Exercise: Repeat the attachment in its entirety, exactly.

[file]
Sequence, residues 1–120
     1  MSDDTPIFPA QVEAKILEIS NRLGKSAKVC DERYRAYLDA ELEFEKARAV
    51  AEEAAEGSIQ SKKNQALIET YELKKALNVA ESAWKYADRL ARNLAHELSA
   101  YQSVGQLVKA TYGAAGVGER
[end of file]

Sequence, residues 1–120
     1  MSDDTPIFPA QVEAKILEIS NRLGKSAKVC DERYRAYLDA ELEFEKARAV
    51  AEEAAEGSIQ SKKNQALIET YELKKALNVA ESAWKYADRL ARNLAHELSA
   101  YQSVGQLVKA TYGAAGVGER